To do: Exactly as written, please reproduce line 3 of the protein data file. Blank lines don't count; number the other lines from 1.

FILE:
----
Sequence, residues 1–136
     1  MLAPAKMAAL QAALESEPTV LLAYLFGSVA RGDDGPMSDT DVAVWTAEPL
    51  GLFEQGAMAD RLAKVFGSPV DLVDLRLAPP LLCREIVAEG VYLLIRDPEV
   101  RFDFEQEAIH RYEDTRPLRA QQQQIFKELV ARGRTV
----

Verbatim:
    51  GLFEQGAMAD RLAKVFGSPV DLVDLRLAPP LLCREIVAEG VYLLIRDPEV